Andromeda (2000–2005)
7.9/10
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1 user

Angel Dark, Demon Bright 

Trance tries to pilot the Andromeda through slipstream, and the crew ends up traveling back in time, to the time just before the Commonwealth fell. The crew must decide whether to take actions that could endanger the future.

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Trance tries to pilot the Andromeda through slipstream, and the crew ends up traveling back in time, to the time just before the Commonwealth fell. The crew must decide whether to take actions that could endanger the future.

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TV-PG
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6 November 2000 (Canada)  »

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| (DVD)

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| (Dolby 5.1)

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1.33 : 1
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Trivia

TV shows often depict nebulae as cloudy, hazy, can't see through them structures. Even a dense nebula is one thousandth of one thousandth of one millionth the density of clear air. Even through a distance of hundreds of miles, nebular gasses and dust would be too thin to see. See more »

Quotes

Dylan Hunt: Yeah, I know what you mean. I felt the same way when I took Beginning Astrophysics.
Trance Gemini: You're kidding.
Dylan Hunt: Yes, I am.
Trance Gemini: Oh.
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User Reviews

 
Now I am become Death, destroyer of worlds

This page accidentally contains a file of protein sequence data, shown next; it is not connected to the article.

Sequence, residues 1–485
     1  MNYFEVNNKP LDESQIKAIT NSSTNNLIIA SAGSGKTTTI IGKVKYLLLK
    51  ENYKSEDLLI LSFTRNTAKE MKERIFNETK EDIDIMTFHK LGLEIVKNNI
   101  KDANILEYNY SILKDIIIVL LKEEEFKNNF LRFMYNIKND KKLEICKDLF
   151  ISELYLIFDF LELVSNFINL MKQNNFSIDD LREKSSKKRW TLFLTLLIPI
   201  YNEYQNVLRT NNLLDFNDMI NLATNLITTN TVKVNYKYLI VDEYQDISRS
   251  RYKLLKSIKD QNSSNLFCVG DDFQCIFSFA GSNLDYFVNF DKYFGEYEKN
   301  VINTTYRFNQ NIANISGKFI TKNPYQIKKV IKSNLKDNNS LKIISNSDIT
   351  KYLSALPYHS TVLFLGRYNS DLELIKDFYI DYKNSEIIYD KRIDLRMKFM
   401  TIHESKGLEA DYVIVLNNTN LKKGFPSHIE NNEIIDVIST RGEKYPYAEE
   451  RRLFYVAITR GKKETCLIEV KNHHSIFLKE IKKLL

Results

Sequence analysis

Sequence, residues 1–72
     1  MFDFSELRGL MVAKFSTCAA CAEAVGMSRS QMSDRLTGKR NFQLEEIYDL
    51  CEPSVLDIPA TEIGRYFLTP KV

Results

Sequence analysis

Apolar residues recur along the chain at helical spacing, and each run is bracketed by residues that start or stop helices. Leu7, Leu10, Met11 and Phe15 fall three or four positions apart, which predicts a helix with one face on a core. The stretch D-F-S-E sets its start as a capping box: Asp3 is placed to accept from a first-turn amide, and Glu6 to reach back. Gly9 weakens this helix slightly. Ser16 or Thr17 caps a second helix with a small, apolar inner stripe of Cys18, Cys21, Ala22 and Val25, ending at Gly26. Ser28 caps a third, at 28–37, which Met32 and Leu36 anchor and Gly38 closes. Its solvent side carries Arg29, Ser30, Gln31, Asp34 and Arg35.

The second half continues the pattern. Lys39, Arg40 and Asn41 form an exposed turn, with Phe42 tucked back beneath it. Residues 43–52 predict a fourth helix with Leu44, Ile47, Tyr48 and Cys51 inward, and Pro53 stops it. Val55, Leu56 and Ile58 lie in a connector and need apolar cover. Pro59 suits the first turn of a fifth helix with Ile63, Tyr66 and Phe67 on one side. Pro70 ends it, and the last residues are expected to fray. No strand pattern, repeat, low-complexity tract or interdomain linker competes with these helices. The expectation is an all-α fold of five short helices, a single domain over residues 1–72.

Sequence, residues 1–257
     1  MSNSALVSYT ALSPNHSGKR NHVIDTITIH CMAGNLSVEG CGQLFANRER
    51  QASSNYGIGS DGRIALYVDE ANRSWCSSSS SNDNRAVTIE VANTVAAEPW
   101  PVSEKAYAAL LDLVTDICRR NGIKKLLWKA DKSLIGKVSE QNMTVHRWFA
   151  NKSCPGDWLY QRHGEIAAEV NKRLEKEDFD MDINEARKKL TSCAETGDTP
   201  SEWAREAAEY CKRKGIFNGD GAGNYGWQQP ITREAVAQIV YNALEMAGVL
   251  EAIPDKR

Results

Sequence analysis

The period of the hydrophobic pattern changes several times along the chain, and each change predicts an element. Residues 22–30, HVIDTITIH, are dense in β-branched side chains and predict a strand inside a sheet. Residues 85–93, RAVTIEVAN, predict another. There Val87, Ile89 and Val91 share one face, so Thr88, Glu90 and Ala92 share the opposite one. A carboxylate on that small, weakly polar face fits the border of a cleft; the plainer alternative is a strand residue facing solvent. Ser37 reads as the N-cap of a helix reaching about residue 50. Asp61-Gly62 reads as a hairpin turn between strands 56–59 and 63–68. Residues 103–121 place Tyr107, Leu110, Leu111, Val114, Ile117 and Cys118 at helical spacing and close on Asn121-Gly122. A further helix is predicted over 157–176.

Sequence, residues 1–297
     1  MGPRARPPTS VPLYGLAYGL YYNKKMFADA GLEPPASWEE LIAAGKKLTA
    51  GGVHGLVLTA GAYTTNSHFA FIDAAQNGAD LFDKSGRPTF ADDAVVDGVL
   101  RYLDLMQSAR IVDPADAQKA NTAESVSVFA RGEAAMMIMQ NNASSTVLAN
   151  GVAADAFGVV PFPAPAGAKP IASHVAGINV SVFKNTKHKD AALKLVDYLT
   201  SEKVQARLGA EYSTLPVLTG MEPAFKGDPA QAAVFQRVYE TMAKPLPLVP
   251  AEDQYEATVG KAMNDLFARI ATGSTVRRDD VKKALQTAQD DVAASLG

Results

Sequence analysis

6 August 2013 | by See all my reviews

Virtually every science fiction series uses time travel at some point - more than once usually. Generally, speaking from experience, they tend to be rather formulaic, weak episodes. But in this case Andromeda demonstrates what a time travel-themed episode should be like: As Andromeda accidentally goes back in time and ends up at the finishing stages of the Nietzchean uprising, Dylan has to decide whether to interfere and help the falling Commonwealth. Except the help he can offer is by every account merely a choice of the lesser evil, and comes at a heavy cost. Meanwhile, since this is still the beginning of the series, it does a lot for character development, also hinting at Trance's odd nature.

A rather uneven series, when Andromeda was good, it was great, and here the questions have no convincing answers one way or the other, philosophy fails to offer solace, and the cost of one's decisions weighs heavy like a neutron star on the shoulders of the protagonist. "Did we do the right thing? I have to believe it."


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